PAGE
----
Buyers from all over the world flock to Gitman Bros. to get a piece of timeless American style: oxford shirts, plaids and rep ties often cut slightly slimmer to appeal to the trendy and urbane.
But when the company’s president, Chris Olberding, attended the venerable menswear trade show Pitti Uomo in Italy this month, the brand’s “Made in USA” label was an unexpected liability.
Clients flung jokes at the then-president-elect’s expense. There was talk about avoiding travel to the U.S. during Donald Trump’s four-year term. And one of the Ashland, Pa.-company’s accounts was almost canceled because a customer wanted to boycott American clothes.
“I felt like the wind got knocked out of me,” Olberding said in a phone interview from Florence. “I always thought it was a good thing to keep our production in the U.S., and all of a sudden the conversation changes because of this one person.”
By all appearances, Trump should be a boon for the “Made in USA” brand. The nation’s 45th president swept into office pledging to get American factories humming again.
“We will follow two simple rules: buy American and hire American,” Trump said during his inauguration speech Friday.
But the negative reaction at Pitti Uomo underscores the pitfalls of these polarizing times. Trump by association can act as a double-edged sword.
Is ‘Made in USA’ in danger of becoming ‘Make Made in USA Great Again’?
A backlash against American brands would be a painful and ironic twist for the apparel and footwear companies that have fought to keep production stateside against innumerable odds.
Long before Trump campaigned on the promise of reviving domestic manufacturing, time-tested labels such as Gitman Bros., Filson and Red Wing Shoes were touting their “Made in USA” roots and encouraging customers to buy American menswear at a time when competitors had long fled to cheaper countries.
They rode a wave of popularity in the aftermath of the 2008 financial crisis as trendsetters began rejecting fast-fashion brands like H&M and embracing traditionally stodgy ones like Brooks Bros. — an acknowledgment that it was better to buy pieces that lasted than support wasteful fads. With a modern cut and higher prices, the movement essentially made your grandfather’s clothes cool, at least among a certain subset of fashion-savvy men.
Now, some of those same companies, as well as more recently established ones, are wondering what the “Made in USA” label will mean under the new administration. Will it continue to stand for craftsmanship and style, or amount to an endorsement of Trump’s policies — or even the president himself?
It’s a question made all the more important because many of the labels’ newfound fans are ensconced in left-leaning enclaves like Brooklyn and Silver Lake.
“Is ‘Made in USA’ in danger of becoming ‘Make Made in USA Great Again’?” said Jonathan Wilde, editor of GQ.com, a men’s fashion bible that has been at the forefront of reviving interest in so-called heritage American brands.
Wilde sees a contradiction unfolding. On one hand, U.S. apparel makers could benefit from an administration that favors local producers and makes domestic manufacturing more cost effective. On the other, these brands could lose their cool among their prime demographic if Trump turns “Made in America” into a political slogan.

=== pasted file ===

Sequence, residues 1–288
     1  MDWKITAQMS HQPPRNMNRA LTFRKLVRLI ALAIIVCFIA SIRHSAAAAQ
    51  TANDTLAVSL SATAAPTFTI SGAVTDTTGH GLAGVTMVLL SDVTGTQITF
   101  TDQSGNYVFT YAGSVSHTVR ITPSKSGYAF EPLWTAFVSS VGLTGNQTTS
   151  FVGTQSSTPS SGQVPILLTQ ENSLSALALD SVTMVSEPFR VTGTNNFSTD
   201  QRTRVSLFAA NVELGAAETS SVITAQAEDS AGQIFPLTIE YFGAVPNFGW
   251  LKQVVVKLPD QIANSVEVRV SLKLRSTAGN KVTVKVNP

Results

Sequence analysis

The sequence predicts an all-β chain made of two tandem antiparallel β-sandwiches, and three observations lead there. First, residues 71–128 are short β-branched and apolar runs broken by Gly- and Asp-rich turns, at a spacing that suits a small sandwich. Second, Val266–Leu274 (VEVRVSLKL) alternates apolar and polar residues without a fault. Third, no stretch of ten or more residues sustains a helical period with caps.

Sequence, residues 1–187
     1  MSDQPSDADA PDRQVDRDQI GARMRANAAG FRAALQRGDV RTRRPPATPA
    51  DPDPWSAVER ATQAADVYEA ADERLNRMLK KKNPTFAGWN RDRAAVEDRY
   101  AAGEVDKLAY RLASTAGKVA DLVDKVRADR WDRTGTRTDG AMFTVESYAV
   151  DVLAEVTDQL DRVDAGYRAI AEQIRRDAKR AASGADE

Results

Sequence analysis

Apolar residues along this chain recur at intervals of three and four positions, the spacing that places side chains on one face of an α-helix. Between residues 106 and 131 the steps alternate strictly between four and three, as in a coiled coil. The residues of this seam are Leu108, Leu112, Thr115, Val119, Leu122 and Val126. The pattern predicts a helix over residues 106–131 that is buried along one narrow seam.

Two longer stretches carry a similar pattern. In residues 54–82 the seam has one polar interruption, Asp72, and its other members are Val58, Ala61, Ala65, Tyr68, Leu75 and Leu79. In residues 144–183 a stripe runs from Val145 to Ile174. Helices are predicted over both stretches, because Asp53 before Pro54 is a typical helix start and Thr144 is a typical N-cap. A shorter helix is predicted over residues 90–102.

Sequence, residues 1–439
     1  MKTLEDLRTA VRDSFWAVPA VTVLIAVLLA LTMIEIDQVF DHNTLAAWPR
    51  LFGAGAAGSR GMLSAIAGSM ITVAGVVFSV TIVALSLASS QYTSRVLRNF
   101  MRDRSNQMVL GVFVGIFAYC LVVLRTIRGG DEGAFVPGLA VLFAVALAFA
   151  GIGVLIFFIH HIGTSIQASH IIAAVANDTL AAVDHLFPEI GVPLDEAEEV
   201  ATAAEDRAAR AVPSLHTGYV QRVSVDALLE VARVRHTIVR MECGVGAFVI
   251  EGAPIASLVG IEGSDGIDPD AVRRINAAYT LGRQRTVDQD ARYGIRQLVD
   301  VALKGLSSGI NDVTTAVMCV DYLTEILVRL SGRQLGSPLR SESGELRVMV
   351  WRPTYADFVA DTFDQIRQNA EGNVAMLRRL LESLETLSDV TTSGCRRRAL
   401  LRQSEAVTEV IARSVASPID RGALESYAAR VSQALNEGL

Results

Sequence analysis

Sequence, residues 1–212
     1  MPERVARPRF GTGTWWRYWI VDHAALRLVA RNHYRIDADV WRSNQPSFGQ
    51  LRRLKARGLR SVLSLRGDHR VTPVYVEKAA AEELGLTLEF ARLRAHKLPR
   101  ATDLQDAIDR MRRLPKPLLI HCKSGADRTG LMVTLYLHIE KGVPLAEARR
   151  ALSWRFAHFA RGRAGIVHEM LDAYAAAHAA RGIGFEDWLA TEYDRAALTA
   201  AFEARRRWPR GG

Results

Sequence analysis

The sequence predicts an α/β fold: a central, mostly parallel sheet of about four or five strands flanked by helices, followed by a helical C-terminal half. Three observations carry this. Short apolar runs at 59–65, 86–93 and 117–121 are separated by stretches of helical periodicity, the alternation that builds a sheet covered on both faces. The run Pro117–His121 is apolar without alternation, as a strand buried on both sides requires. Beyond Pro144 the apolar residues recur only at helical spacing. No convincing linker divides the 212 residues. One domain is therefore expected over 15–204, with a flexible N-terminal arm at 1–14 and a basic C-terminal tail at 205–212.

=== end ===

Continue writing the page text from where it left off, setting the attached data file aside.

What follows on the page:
“He can support things that aren’t entirely wrong,” Wilde said. “But can you separate that from the rest of him? He could be your largest ally or your worst ally. He could make what was a very good phrase almost something of a third rail.”
New Balance, whose retro sneaker designs have enjoyed a popular resurgence, may be the first casualty of this new dynamic. The company, which makes some of its footwear in the U.S., found itself at the center of a social media firestorm in November after an executive was quoted in the Wall Street Journal saying the Obama administration “turned a deaf ear to us” and that “things are going to move in the right direction” under Trump.
Customers were outraged, pledging a boycott and posting videos of the company’s chunky sneakers getting tossed in the trash or set ablaze. White supremacists began claiming New Balance as the shoe brand of white people. The company, which did not respond to a request for an interview, quickly released a statement saying it did not tolerate bigotry or hate and remained committed to manufacturing in the U.S.
A similar controversy befell L.L. Bean this month (albeit without the white supremacists) after Trump tweeted support for the Maine clothing brand, which had landed on a list of companies to boycott because of its ties to the president. Those ties, however, were limited to board member Linda Bean, a Trump donor. In a public statement, the company sought to distance itself from Linda Bean, the granddaughter of L.L. Bean’s founder.
“We are deeply troubled by the portrayal of L.L. Bean as a supporter of any political agenda,” said the company, which still produces some items such as boots in the U.S.
The recent politicization of fashion labels is the stuff of nightmares for executives like Geoff Clawson, president of Birdwell, a surfwear company that’s been manufacturing its signature board shorts in the same Santa Ana factory since 1961.